Barbarossa : The Axis and the Allies
On June 22, 1941, German tanks rolled into the Soviet Union and "Operation Barbarossa", the offensive which was to end the lives of nearly 48,000,000 people, began. In this text, contributors from Germany, Russia and Britain, including German historian Klaus Muller and President Yeltsin's adviser Colonel-General Volkogonev, throw new light on the mysteries surrounding Barbarossa. Using recently released material from Russia, from secret Japanese archives and British intelligence and Cabinet papers, this work challenges "official" Soviet historiography. It describes: Nazi-Soviet relations at the start of the war; the Soviet Union's response to the German attack; and the invasion's aftermath. Offering new evidence on Hitler's objectives, Stalin's strategy and readiness for war, the Battle of Moscow and Japan's wartime policy towards the Soviet Union, this book also deals with the previously taboo subject of the personalities and politics of collaboration and the massive human toll of the invasion. The book is illustrated with contemporary photographs from unpublished Russian archives.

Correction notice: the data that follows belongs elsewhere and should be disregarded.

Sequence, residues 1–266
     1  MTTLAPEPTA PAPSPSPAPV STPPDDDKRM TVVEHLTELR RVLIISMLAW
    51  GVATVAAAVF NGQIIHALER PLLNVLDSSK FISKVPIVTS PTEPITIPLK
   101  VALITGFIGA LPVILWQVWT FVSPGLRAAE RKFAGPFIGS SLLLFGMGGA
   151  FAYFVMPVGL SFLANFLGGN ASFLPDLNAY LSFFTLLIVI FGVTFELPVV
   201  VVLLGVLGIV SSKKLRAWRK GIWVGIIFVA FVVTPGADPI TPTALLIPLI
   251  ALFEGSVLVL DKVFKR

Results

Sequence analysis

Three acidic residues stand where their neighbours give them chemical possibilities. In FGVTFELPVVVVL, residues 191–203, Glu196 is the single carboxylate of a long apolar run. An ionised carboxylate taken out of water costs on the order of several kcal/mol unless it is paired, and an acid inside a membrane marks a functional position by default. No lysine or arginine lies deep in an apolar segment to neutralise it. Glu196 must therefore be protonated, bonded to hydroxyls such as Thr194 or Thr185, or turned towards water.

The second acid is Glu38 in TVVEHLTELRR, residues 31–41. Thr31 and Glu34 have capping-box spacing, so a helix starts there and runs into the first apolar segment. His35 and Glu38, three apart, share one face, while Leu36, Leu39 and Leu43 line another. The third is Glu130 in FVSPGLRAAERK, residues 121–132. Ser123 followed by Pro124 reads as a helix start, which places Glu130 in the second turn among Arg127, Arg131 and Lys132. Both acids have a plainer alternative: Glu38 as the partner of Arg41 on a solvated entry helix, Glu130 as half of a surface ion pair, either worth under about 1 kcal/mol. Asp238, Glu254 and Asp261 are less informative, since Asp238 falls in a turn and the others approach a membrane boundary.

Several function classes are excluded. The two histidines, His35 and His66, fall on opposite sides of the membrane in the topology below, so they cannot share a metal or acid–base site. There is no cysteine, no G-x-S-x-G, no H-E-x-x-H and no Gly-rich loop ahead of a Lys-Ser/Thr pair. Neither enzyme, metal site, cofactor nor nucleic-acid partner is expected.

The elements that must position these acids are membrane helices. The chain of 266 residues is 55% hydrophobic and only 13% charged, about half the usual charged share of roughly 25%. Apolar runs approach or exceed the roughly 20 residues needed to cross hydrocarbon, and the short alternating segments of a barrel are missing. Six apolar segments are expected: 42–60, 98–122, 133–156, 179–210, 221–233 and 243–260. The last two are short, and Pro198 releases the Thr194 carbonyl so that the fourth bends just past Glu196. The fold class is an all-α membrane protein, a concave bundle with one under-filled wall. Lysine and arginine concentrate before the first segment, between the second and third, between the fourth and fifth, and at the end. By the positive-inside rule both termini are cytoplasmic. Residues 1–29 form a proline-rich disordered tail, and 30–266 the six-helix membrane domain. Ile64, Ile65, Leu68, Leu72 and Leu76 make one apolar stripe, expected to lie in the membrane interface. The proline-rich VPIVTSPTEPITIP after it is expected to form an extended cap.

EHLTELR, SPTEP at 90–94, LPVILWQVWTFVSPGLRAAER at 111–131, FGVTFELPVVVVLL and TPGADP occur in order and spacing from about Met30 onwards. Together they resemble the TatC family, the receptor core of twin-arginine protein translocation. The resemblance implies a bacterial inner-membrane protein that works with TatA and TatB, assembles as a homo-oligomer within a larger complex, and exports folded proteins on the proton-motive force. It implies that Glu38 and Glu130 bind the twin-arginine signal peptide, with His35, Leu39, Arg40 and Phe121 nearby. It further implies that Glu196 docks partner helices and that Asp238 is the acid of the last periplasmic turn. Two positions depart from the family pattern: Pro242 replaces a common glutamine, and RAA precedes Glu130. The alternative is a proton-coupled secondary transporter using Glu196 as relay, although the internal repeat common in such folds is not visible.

- Hardback | 256 pages
- 156 x 234 x 25.4mm | 754g
- 01 Jan 1995
- EDINBURGH UNIVERSITY PRESS
- Edinburgh, United Kingdom
Table of contents
Part 1 Germany turns east 1939-1941: Ribbentrop, the Wilhemstrasse and the Nazi-Soviet Rapprochement, Chris Waddington; the Yugoslav coup d'etat and Barbarossa, Dusan Biber; British intelligence and Barbarossa, Sir Harry Hinsley; the 22nd June, 1941 - the German attack, the Soviet response, Col Gen Dmitri Volkogonev. Part 2 Strained alliances, flawed strategies: Allied strategy in the wake of Barbarossa, Gabriel Gorodetsky; Barbarossa and Soviet leadership - a recollection, Lieut-Gen Stephan Mikoyan; Barbarossa - the collapse of Stalin's diplomacy and strategy, A.N. Mertsalov; the Imperial Japanese Navy, the Soviet Union and Germany, John Chapman; Moscow 1941 - the turning point, Klaus Reinhardt. Part 3 Conflict, compromise, cost: Nazi crimes, Klaus Muller; wartime collaboration in the Soviet Union, Sergei Kudryashov; the cost - calculations and controversies, John Erickson.